For this reason, the implant is subjected to lower bending forces and allows for better load sharing. The surgical indications for intramedullary nailing are the same as for plating.
However, as mentioned earlier, some fractures are better suited for plating than nailing.
Fracture characteristics and patterns that have been found to be superior to IMN are pathologic and impending fractures, segmental lesions, and osteoporotic fractures.
Simple mid-third transverse fractures are also good indications for IMN.
In addition, the nail can be inserted through a smaller incision, which reduces soft tissue stripping compared with the plating technique.
This is particularly true for fractures of the middle third of the humerus.
The optimal patient position for this procedure is on a beach chair. The use of an arm brace is very useful in maintaining shaft alignment as well as performing distal freehand locking screws.
The point of entry does depend on the design of the nail, but usually it is located at the junction of the greater tuberosity and the articular surface of the humeral head, which means that the rotator cuff muscles must be penetrated.
For this procedure, it is recommended to perform a deltoid division approach to visualize the supraspinatus tendon.
In fact, when entering the humeral head in the middle of the supraspinatus tendon, one will find oneself in the center of the head in the sagittal plane.
It is important to use the keratomile under fluoroscopy to ensure that the entry point is in an acceptable position in both the sagittal and coronal planes.
After this, the guide wire should be advanced further before opening the supraspinatus tendon longitudinally under direct vision.
The next step consists of opening the canal over the Kirschner needle, ensuring that the fracture is aligned with traction and/or external manipulation, and then advancing the guide in the intramedullary canal down to the elbow.
Reaming has been found to be advantageous in younger patients and not always necessary in older patients.
For distal bolt placement, AP locking is safer and requires a small 2-3 cm approach to reduce the risk of myocutaneous nerve injury.
Finally, paralleling IMN is superior to retrograde IMN because of the specific complications of the latter including medically induced supracondylar fractures, loss of elbow extension, and heterotopic ossification.
Special attention needs to be paid to the length of the nail chosen, as nails that are too long can lead to two technical errors：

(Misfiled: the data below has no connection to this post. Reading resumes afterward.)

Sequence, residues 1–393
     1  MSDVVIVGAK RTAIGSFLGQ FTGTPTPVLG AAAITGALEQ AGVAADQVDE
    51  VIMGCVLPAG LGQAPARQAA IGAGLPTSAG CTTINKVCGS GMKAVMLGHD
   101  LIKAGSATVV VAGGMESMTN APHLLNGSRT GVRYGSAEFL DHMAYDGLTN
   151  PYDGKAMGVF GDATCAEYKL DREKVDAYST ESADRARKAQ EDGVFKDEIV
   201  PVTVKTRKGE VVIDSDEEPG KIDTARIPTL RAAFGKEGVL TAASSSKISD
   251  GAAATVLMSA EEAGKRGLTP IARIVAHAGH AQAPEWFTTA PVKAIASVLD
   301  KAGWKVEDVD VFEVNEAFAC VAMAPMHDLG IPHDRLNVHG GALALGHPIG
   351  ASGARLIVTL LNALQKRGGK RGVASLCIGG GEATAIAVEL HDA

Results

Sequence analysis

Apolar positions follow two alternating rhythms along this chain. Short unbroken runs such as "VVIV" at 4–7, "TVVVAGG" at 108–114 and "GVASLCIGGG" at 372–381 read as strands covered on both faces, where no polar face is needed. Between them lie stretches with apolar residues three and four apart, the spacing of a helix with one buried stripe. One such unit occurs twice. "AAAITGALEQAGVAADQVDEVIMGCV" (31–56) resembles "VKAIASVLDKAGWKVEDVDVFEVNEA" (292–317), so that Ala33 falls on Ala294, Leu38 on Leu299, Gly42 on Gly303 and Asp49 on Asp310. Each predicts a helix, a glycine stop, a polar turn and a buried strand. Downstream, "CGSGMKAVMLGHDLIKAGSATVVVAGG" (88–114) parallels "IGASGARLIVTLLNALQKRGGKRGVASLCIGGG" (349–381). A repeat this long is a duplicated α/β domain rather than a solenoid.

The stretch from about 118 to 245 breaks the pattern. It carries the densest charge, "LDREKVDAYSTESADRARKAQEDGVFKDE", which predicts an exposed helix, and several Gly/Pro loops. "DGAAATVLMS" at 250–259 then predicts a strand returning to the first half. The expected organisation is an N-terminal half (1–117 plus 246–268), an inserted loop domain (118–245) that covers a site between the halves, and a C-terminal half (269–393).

Distraction at the fracture site during impact nail
and/or nails protruding into the subacromial space
For proximal third helix or long oblique fractures, the authors recommend a miniature open approach to reduce the fracture followed by fixation with a ring tie wire. In fact, for this fracture subtype, the deltoid muscle tends to abduct the proximal fracture fragment while the pectoralis major pulls the distal fracture fragment medially, which increases the risk of osseous nonunion or delayed healing.
Patients are encouraged to perform active and active-assisted movements of the shoulder and elbow as tolerated.
Slings can be used for a few days for pain control.
Postoperative weight lifting restrictions are maintained at a maximum of one kilogram until fracture healing is evident (usually three months).
In most cases, weight bearing is allowed
The literature on the use of locking nail devices for the management of HSF is inconsistent. On the one hand, the reported rate of bone nonunion is highly variable (between 0% and 14%), with the highest incidence in older generations of nails. On the other hand, the incidence of shoulder complications (including pain, impingement, loss of motion or strength) (ranging from 6% to 100%) has been reported in the previous literature.
Part of the problem can be explained by subacromial trauma due to chronic tendon dysfunction caused by protruding nails, scar tissue and/or rotator cuff injury in this critical area of isovascularity.
Several authors have described different approaches to avoid this hypovascular region and repair the tendon in a discreet manner, which have shown lower rates of shoulder dysfunction.
Conservative treatment of HSF has provided good functional outcomes and high healing rates in at least 80% of patients. For this reason, it remains the treatment of choice for most HSF. If alignment is unacceptable, surgery should be considered. This is particularly true for patients over 55 years of age presenting with a proximal third oblique fracture (lower healing rate). Regarding surgical treatment, the literature does not show any significant differences between plates and IMN in terms of healing rates or radial nerve complications, but shoulder complications (impingement and reduced range of motion) are more likely with IMN. Therefore, the cuff must be managed very carefully both at the point of entry and during closure.